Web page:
Ever-growing human demand for resources, is putting tremendous pressures on biodiversity. This threatens the continued provision of ecosystem services, which not only further threatens biodiversity but also our own species’ future security, health and well-being.
The Living Planet Index continues to show around a 30 per cent global decline in biodiversity health since 1970. This trend is seen across terrestrial, freshwater and marine ecosystems, but is greatest for freshwater species, whose populations show an average 37 per cent decline. The tropical freshwater index declined even more precipitously, by 70 per cent. Overall, the global tropical index declined by 60 per cent since 1970. In contrast, the index for temperate regions increased by 31 per cent over the same period. However, this does not necessarily mean that temperate biodiversity is in a better state than tropical biodiversity, as the temperate index disguises huge historical losses prior to the start of the analysis.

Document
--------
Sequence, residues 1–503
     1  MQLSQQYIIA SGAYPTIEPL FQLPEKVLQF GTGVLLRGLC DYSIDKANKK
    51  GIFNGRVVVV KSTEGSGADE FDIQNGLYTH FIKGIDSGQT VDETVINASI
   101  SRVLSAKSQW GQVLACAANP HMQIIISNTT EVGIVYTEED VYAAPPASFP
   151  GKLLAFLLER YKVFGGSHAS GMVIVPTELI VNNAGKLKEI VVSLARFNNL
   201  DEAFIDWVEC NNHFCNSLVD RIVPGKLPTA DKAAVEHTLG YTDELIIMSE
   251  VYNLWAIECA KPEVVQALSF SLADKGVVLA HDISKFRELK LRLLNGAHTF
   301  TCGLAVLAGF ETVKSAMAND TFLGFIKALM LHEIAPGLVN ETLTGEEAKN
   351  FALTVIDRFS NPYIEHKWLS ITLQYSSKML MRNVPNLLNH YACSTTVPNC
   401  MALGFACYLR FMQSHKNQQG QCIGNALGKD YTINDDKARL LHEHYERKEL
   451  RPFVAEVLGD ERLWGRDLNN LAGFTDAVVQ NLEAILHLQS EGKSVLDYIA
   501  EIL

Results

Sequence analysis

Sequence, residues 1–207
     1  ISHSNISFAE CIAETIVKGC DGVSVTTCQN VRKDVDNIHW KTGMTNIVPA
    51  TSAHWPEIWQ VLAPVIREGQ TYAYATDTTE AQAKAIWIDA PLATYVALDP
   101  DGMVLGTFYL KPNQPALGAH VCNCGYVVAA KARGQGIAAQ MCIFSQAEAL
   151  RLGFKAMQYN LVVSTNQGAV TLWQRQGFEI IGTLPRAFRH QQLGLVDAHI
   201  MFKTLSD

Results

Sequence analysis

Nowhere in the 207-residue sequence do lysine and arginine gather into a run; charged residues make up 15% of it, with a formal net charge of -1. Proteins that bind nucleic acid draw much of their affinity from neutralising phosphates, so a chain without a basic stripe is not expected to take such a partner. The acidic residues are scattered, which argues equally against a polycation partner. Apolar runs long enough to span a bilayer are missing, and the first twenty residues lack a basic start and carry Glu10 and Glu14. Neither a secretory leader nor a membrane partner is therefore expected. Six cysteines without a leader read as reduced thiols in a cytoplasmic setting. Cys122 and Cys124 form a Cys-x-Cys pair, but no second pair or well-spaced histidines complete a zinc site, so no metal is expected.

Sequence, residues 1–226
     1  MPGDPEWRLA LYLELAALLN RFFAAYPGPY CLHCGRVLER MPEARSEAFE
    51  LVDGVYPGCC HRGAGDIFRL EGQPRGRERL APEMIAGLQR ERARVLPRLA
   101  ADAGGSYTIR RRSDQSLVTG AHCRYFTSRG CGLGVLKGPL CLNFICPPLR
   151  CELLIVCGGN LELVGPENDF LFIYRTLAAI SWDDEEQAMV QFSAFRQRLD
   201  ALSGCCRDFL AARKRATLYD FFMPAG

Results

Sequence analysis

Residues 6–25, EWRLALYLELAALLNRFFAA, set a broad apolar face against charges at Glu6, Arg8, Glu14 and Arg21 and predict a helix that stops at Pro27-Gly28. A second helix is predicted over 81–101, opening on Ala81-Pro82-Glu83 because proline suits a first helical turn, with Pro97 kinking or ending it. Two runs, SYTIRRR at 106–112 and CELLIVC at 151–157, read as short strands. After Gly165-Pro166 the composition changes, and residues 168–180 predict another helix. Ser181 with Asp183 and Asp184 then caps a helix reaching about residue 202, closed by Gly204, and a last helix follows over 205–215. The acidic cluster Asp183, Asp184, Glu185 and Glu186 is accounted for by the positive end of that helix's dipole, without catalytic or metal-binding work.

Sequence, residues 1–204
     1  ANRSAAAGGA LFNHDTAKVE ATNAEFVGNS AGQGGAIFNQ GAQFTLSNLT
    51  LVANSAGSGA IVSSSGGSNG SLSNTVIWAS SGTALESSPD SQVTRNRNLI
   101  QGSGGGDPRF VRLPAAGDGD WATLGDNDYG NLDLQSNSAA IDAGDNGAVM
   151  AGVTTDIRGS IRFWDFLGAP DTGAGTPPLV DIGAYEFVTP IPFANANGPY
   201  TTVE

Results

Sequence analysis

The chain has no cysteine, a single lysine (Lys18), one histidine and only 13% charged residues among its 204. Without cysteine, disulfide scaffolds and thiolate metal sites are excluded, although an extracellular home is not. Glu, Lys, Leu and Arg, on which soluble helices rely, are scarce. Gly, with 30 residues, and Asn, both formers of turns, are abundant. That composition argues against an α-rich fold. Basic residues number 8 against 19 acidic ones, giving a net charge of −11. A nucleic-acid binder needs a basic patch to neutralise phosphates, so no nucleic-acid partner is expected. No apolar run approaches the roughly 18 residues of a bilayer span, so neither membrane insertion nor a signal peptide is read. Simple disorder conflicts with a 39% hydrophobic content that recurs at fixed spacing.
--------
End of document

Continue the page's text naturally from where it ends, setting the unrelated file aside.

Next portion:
The Water Footprint of Production provides a second indication of human demand on renewable resources. For the first time, this report includes an analysis of water availability throughout the year in the world’s major river basins. This shows that 2.7 billion people around the world already live in catchments that experience severe water shortages for at least one month a year.
Continuing with “business as usual” will have serious, and potentially catastrophic, consequences. In particular, continued increases in greenhouse gas emissions will irreversibly commit the world to a global average temperature rise of well over 2oC, which will severely disrupt the functioning of almost all global ecosystems and dramatically affect human development and well-being.